Photo: High street, Tomioka, Fukushima Prefecture, October 2016
9km south of Fukushima Daiichi Nuclear power Plant
Once a busy shopping area, now abandoned and derelict.
There were numerous radiation micro hotspots here, particularly around drains and gutters where radionuclides typically accumulate, transported there by rain, melted snow and street-cleaning. The highest level of radioactivity I found was in some mud in a drain at the edge of a forecourt, measuring 11.8μSv/h (microsieverts per hour) ~ 103 millisieverts per year.
In 2011 the number of people evacuated from 13 of Japan’s 47 prefectures both under government orders and voluntarily peaked at around 165,000.
Approximately 25,000 people  will never be able to return to their homes.
Since 2011 some people have continued to evacuate voluntarily. In some cases this is the result of noticing changes in their health and/or the health of their children, which are consistent with the effects of chronic exposure to low-level internal radiation .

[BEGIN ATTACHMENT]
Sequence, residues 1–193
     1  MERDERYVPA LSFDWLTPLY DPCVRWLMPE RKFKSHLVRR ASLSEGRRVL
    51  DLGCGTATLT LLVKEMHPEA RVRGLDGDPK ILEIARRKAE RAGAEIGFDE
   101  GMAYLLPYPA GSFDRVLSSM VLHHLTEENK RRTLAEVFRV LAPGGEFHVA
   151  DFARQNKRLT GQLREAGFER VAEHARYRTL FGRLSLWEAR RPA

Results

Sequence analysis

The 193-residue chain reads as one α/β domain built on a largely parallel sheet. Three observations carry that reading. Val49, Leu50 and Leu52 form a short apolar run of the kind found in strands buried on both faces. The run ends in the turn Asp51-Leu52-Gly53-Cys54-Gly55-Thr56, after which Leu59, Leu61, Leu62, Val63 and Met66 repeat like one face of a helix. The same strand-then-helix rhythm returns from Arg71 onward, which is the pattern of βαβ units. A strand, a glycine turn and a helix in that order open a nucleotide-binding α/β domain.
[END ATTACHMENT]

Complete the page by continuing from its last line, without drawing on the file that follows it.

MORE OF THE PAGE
In 2016 86,700 people were still living as evacuees, 47,000 of whom were displaced within Fukushima prefecture.
Out of the 86,700 evacuees, 26,601 are voluntary evacuees.
According to the Yomiuri Shimbun – Japan News , the total number of Fukushima households which evacuated voluntarily, both within and outside Fukushima prefecture was 10,524 (26,601 people).
These households comprise:
5,294 households voluntarily evacuated within Fukushima prefecture: all of these will have their subsidies terminated;
5,230 households voluntarily evacuated to outside Fukushima prefecture:
3,607 of which will continue to receive subsides from the prefectures where they have settled;
1,237 will have their subsidies terminated;
386 don’t yet know wether or not their subsidies will be terminated.
Hence the total no. of households which evacuated voluntarily definitely facing termination of subsidies: 6,531
 Dr Sigeru Mita discusses the effects of chronic exposure to low-level internal contamination in his 2014 letter to fellow doctors: